You drive your car, and suddenly from nowhere, your check engine light starts flashing on your dashboard.
What to do now? Will my car get damaged if I keep driving it? How much will it cost? There could be a lot of questions that may be running through your head.
Luckily, we will cover everything you have to know about a flashing or blinking check engine light in this article. Let’s begin!
What does a flashing check engine light mean?
A blinking or flashing check engine light means that your car engine suffers from a severe issue just now while the light blinking. A flashing check engine light often occurs due to misfires.
The engine control unit does always constantly monitor all sensors in your car while you are driving. With this information, it calculates how much fuel should be injected into the engine and at which angle it should fire the ignition.
If one of the values from a sensor is faulty for a short amount of time, it will trigger a trouble code. If the engine control unit is getting the wrong value from the sensor several times, the check engine light will appear on your dashboard.
If this problem is severe from a misfire, it will start to flash the check engine light instead. This is to notify you that a problem that may damage the catalytic converter is happening right now.
Causes of a Flashing Check Engine Light
- Misfires on one or several cylinders (most common)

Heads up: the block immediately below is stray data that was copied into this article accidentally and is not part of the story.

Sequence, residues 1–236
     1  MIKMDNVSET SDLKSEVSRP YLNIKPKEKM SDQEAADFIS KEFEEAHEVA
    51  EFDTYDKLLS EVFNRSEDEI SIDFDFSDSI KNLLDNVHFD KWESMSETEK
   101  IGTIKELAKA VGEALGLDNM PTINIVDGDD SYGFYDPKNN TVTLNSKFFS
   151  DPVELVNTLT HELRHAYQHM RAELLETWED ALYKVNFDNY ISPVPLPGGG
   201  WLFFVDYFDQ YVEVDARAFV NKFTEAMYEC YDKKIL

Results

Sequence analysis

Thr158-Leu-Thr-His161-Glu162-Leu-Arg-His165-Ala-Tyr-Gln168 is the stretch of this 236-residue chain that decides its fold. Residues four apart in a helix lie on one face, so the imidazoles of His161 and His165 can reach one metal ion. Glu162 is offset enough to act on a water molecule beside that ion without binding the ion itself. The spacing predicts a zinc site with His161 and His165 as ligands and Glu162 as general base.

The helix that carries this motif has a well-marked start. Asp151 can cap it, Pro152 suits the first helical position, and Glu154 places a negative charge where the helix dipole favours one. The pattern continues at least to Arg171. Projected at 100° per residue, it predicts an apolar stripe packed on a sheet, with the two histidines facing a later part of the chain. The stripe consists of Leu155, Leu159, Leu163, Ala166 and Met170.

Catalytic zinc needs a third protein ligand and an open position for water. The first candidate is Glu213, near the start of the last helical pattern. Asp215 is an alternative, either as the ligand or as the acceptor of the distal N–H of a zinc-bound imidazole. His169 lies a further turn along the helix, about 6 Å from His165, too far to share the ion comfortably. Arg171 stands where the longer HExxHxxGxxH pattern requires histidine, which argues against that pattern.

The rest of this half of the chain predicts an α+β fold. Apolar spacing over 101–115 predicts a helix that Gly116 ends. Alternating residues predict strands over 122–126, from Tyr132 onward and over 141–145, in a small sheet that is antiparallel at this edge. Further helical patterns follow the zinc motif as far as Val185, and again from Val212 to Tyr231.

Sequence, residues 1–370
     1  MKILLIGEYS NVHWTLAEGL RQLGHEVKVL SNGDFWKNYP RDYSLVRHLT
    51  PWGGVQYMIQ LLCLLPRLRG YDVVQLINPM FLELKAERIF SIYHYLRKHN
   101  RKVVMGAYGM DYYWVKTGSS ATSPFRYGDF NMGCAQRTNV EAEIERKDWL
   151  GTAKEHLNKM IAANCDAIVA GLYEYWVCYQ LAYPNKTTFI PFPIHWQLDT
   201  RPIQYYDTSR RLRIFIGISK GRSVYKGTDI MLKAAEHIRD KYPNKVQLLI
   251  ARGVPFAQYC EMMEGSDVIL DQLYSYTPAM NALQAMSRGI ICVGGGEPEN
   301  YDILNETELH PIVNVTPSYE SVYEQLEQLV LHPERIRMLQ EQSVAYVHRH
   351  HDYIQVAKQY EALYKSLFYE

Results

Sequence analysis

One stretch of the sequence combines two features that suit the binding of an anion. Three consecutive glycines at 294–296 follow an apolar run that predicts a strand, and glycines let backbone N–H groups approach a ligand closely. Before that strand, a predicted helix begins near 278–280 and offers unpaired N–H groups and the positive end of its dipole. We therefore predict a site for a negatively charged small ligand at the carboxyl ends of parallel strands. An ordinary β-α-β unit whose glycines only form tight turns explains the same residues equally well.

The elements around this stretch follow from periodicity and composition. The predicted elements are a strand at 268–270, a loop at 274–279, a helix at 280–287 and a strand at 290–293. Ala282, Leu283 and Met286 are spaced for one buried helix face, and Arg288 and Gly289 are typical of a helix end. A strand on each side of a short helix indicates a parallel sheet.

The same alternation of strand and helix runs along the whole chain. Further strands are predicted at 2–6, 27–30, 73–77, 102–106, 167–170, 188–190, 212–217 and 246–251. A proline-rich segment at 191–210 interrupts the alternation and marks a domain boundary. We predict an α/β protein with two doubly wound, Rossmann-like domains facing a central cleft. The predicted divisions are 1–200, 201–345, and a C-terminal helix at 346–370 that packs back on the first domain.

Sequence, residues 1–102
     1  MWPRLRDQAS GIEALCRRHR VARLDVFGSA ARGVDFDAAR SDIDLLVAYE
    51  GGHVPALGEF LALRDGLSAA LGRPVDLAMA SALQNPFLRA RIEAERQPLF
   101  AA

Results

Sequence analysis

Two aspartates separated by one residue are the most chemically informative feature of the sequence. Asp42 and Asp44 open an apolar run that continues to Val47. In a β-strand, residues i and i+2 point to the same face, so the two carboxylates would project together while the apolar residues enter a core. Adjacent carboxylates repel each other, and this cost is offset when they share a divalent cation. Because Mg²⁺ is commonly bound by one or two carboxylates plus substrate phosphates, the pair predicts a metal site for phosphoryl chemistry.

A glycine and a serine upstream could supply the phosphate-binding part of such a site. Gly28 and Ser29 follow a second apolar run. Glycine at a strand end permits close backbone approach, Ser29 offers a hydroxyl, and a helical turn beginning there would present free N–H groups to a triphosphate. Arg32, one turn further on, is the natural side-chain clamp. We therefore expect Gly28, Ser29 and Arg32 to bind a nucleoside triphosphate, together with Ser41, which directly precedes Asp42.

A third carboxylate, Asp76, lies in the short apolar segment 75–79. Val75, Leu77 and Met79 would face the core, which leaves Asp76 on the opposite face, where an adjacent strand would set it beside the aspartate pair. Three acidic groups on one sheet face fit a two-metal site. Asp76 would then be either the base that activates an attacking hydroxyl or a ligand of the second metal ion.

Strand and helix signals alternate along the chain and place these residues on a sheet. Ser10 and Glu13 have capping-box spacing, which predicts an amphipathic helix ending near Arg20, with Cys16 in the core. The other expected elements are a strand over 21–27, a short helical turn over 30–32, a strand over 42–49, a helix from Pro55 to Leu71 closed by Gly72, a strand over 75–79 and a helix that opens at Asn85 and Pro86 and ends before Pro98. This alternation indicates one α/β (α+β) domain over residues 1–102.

- Faulty spark plugs/Coils
- Faulty engine sensors (coolant, air temperature, exhaust temperature sensor, etc.)
- Faulty EGR valve
- Faulty/bad injectors
- Faulty crankshaft/camshaft sensor
- Exhaust emission problems
- Boost/overcharging problems
- Internal engine problem (rare)
- EVAP trouble codes
- A faulty engine control unit (rare)
A flashing or blinking check engine light is most often caused by misfires. However, it is not as simple as that because many different things can cause misfires.
How to Diagnose a flashing check engine light?
So now, when we know what could cause this, where should we begin to pinpoint the problem?
You must understand that every time your check engine light is constantly lightened up or blinking, it will store a trouble code in the memory so you will have a chance to see what was causing the problem.
Therefore it is a terrible practice just to guess which parts could cause the check engine light and start to replace parts. This will, in almost all cases, just make you waste your money.
A much better and more efficient method is to check what the engine control unit is trying to tell us. This can be done with a diagnostic scanner.
You may think that a diagnostic scanner is too expensive for this small problem, and in that case, you can borrow one from a friend or just take your car to a repair shop and let them read the codes for you.
After you have received the engine control unit’s codes, you will most likely find a trouble code related to a misfire. Check for more related trouble codes to continue the troubleshooting on that trouble code.
For example, if you get a misfire trouble code and one related to an ignition coil, you should definitely continue the troubleshooting on that ignition coil.
If you get misfires on a specific cylinder – check the spark plugs, ignition coils, and wirings. If you get misfires on several cylinders, there is most likely an issue with a too lean or too rich mixture.